In my last first grade class I had two girls who were best of friends, but they were always coming to me with grievances about the other. Attempts to mediate didn’t go anywhere, so I made up a story. We were working with the letter T at the time.Continue reading
In the previous blog we saw that children’s learning experiences can be broadened and deepened to include kinesthetic awareness and the development of the sense of body geography. These can build a sense of well-being and confidence that mental, or head work alone does not give. Building on this, here are a few more activities which teach multiplication through movement and rhythm.Continue reading
Nothing lends itself to rhythmical movement activities like the times tables. The times tables, after all, are fundamentally rhythmical and active in nature. Hence, it is beneficial for children to learn them in like manner, as it accords with their developmental needs.
Rhythmical counting is begun in first grade. Here the children count each step as they march up to 24 or 36.Continue reading
There is widespread recognition that art is a wonderful amendment to what schools can offer to children’s learning experience. The arts cultivate. They deepen and broaden. They touch the students more deeply than most educational activities because they are experiential, because they connect with feeling and imagination more than with intellect. The body is engaged, as well.Continue reading
In subsequent blogs I hope to focus less on what is wrong with our educational system and more on what can be done to help us move in a more positive direction. But first, I feel a need to highlight a particular element in education, and to give it a name. I call it ‘educoercion’. To coerce is to compel by forcible action. Too often, children are forced to do something they are not inclined to do willingly. We should be aware of when we are doing this.
How can we bring our teaching to the place where children will see learning as something they want to do, are willing to do? A healthy child wants to learn about the world, wants to participate, to be engaged and to find meaning and connection. I think I can say that unequivocally. How do we destroy this longing, and so early on?Continue reading
I’ve asked many high school graduates what their school experience was like. The most common answer was, “I learned a bunch of stuff”.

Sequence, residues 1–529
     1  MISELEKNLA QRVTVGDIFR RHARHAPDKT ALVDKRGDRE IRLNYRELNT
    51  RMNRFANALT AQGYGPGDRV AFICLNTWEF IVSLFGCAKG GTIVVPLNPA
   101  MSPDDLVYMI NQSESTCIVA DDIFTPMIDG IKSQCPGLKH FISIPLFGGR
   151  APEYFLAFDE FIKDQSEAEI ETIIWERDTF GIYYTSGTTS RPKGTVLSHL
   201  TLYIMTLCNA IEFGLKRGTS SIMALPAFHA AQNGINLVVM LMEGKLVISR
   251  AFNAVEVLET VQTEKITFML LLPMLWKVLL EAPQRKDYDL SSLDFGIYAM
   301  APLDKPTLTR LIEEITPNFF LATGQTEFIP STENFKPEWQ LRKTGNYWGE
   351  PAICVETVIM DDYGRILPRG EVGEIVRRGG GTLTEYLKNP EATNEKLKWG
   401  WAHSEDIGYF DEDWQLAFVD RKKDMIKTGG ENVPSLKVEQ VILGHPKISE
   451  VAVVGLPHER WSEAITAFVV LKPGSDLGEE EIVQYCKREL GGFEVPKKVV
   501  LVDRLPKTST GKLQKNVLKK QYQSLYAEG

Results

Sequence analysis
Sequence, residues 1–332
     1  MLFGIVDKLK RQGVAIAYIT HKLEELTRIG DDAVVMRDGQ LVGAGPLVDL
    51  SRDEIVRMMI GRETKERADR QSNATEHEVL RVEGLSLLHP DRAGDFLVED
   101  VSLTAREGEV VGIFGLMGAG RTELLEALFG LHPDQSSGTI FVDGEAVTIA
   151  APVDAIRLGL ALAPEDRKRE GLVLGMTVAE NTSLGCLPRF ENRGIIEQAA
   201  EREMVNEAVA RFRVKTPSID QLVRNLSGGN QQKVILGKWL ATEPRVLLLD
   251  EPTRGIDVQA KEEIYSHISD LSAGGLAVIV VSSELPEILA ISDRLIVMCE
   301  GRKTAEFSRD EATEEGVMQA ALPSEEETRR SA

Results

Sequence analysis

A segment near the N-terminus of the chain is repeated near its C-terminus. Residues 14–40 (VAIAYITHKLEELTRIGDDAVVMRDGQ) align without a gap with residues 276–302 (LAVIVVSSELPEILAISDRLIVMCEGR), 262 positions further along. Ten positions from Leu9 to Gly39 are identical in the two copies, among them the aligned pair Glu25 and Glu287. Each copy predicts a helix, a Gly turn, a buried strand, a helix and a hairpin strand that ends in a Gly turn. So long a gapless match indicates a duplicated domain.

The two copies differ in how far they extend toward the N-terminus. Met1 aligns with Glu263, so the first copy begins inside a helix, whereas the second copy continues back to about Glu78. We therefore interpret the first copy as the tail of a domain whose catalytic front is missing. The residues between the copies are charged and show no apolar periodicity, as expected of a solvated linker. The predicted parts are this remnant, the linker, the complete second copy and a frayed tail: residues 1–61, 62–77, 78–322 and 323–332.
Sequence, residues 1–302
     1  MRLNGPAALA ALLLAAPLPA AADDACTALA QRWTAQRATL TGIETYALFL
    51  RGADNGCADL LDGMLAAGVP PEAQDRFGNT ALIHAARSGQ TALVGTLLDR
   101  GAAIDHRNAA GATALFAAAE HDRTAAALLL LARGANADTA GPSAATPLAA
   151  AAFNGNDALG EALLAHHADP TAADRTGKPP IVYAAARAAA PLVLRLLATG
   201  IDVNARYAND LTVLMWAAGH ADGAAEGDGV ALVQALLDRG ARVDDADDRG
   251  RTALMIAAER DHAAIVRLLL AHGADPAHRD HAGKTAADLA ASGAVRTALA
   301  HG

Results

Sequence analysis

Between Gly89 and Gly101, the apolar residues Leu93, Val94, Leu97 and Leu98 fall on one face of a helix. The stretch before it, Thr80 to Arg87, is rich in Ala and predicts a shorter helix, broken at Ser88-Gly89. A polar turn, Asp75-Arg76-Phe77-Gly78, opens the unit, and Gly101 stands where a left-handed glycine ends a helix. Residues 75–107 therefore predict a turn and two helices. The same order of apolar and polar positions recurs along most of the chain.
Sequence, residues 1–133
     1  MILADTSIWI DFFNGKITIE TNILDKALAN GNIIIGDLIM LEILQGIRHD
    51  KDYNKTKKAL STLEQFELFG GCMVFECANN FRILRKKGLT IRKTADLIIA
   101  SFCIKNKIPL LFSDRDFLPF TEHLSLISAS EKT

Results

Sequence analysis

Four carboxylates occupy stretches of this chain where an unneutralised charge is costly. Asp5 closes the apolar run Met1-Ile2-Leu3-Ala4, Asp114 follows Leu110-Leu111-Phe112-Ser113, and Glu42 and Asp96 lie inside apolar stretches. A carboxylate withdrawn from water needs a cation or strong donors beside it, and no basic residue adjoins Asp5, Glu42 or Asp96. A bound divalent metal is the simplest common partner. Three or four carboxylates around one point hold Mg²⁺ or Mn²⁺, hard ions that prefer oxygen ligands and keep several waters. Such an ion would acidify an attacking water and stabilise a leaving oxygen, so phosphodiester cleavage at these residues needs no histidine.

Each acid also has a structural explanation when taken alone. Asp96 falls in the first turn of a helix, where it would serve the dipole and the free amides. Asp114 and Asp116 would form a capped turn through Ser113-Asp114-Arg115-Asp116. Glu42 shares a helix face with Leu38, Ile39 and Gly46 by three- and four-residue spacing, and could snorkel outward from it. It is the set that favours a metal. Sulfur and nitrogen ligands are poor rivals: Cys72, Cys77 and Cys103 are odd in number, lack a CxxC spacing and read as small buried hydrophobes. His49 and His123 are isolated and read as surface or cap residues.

Stuff is an apt word because, aside from referring to things that are non-essential, its verb form carries the connotation of thing’s being crammed, or stuffed in. We see around us the effects of this education on society in a lack of connection, a lack of enthusiasm, a lack of interest.Continue reading
An Imaginative Way To Introduce The Lower Case Letters
One fine afternoon the Big Letters got all dressed up and went for a promenade. Although they took their children, hardly anyone looking at them noticed this, for the children were so bashful that they hid behind their elders. The parents chatted easily with each other as they strolled through the streets.
After a time little p peeked out from behind his mother, Big P. He saw little l looking at little n, who noticed him, and then little w whispered something. “What did you say?” inquired his mother, Big W.
“I said, ‘I wish there was something for me to do’.”Continue reading
The Wookey Hole is a limestone cavern in the Cheddar region of southwest England. ‘Wookey’ is derived from a Welsh word for ‘cave’, “Ogof”, which became “Ochie” to locals. ‘Hole’ is Anglo-Saxon for ‘cave’. Thus, Wookey Hole Cave as it is known, means ‘cave cave cave’, which I find interesting. Here, water which has percolated through the limestone collects from the surrounding Mendip Hills providing the source water of the River Axe.Continue reading
This nature story has been in my files since I first became a Waldorf teacher in 1981. It is a faded Xerox copy, whose source is lost to me. I’m sure the individual does not mind, would be happy, in fact, that his/her humble offering was of use to future generations.Continue reading
Below is the poem from LMNOP and All the Letters A to Z , representing the letter M:Continue reading